Serialization Position Paper from EFPIA IFPMA and PhRMA

Extracts from the position paper.Download the full Position Paper here.

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The global R&D based pharmaceutical industry is committed to ensure patient safety and is actively engaged in helping to secure the legal supply chain, namely through serialization, worldwide. With many different systems currently in the pipeline, our goal is to promote serialization based on international standards in order to favor harmonization and reduce any disruption to medicine supply and availability.

A considerable amount of counterfeit medicines reach the patient through illicit online pharmacies; however, the threat of falsified medicines penetrating the legal supply chain (even in industrialized countries with effective regulatory systems) is also very real.

The EFPIA IFPMA and PhRMA Position

  • No single solution will prevent counterfeiting. Rather, a holistic approach comprising use of covert and overt anti-counterfeiting features, a well-regulated, secure supply chain and appropriate laws and penalties to deter and punish counterfeiters, is necessary to provide maximum patient protection.
  • Within this framework, the R&D based biopharmaceutical industry supports product serialization and verification as one tool to help stop counterfeits penetrating the legitimate supply chain and to help to ensure that patients receive the right medicine.
  • Given the significant resources and investments in capital equipment and software systems necessary to facilitate product serialization and verification, it is critical that systems be implemented in a step-wise, scalable manner, to realistic timelines and with suitable consultation with relevant stakeholders. They should also be established using globally recognized common standards in order to minimize fragmentation and instead increase harmonization worldwide. We believe that initiatives based on international and harmonized standards, such as GS1, represent the most efficient way forward.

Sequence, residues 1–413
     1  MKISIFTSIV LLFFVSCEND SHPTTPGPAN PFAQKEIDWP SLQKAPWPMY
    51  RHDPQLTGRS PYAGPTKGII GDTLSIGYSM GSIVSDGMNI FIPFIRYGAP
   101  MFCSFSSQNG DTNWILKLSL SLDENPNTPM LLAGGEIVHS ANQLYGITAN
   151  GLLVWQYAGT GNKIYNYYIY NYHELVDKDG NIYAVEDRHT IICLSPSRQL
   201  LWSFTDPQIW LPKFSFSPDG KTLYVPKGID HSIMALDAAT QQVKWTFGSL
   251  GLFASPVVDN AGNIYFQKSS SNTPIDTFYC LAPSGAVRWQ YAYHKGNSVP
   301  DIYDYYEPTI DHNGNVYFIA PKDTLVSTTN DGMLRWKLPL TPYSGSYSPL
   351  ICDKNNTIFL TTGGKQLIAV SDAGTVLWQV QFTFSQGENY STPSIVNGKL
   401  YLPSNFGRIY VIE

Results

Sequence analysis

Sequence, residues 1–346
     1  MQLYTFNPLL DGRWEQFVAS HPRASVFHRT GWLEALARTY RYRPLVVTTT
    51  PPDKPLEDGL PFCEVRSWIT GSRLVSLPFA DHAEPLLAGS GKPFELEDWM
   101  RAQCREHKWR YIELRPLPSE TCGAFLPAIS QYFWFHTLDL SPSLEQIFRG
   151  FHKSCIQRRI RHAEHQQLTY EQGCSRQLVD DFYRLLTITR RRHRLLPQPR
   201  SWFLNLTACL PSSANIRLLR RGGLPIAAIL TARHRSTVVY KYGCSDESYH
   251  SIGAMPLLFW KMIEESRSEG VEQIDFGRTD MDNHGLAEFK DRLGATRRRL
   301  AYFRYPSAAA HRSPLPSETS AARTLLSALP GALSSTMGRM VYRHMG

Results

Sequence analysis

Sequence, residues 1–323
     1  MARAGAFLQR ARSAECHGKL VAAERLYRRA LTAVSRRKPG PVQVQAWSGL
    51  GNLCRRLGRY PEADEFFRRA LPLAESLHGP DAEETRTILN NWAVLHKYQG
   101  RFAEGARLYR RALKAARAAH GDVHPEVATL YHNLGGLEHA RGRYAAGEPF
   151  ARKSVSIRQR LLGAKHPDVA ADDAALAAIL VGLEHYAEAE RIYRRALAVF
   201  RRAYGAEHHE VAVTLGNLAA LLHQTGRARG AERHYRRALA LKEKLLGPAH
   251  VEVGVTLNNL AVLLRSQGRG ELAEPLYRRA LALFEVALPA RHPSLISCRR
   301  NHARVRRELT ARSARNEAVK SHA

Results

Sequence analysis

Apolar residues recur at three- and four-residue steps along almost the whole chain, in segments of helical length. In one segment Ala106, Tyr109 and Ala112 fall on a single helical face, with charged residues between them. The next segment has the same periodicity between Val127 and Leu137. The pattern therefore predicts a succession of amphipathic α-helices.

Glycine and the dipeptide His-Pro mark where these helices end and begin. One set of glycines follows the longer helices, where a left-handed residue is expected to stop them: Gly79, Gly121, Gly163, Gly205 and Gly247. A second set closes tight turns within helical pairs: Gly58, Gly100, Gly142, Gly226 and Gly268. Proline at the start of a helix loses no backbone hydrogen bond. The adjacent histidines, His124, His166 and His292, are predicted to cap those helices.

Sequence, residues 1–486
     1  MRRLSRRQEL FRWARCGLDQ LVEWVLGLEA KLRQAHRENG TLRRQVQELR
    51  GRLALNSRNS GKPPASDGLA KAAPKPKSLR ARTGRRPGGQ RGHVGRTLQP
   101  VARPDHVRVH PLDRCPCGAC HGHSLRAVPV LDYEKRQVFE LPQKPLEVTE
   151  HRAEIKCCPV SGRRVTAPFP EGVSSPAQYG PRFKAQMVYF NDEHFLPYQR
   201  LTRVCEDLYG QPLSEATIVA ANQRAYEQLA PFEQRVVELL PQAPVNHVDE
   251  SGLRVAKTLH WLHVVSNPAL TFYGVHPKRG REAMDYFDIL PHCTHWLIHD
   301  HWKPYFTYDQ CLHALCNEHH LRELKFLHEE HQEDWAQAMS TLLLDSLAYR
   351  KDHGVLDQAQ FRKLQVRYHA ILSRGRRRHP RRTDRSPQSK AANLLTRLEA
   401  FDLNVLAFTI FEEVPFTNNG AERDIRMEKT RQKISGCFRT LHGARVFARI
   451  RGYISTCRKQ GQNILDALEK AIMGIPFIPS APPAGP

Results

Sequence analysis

• Systems should, at the same time, be sufficiently flexible to accommodate differences in product packaging, market size, technical infrastructure, and supply chain complexity. They should be sufficiently tested in advance of implementation dates to ensure product supply to patients is not adversely impacted as a result of system failures.
  • We stand ready to work in partnership with public authorities across the world and the World Health Organization (WHO) in establishing the most effective system in the interests of patient safety.

The Importance of Using Harmonized International Standards

EFPIA, IFPMA and PhRMA support the use of harmonized and internationally recognized standards for the identification of products. This will ensure smooth transition from current state-of-play and flexible implementation with an appreciation of the global nature of the threat. Critically, in order to maximize the efficient flow of electronic product-specific information and to minimize any negative impacts on product supply, serialization and product verification should be based on non-proprietary, harmonized international standards.

EFPIA, IFPMA and PhRMA believe that serialization initiatives should conform to the internationally recognized standards, for example a GS1 2D barcode. Using GS1 standards allows manufacturers to deploy a single set of standards across their operations and with supply chain partners, to identify and serialize products. If multiple standards are used, the complexity of operations is amplified many times, driving up costs and introducing a higher risk of error in terms of the ability for companies and governments to uniquely identify products and to facilitate product verification, including through coding and serialization of regulated medicines and tamper resistant packaging. Using GS1 standards also ensures that a single barcode can be used by several countries.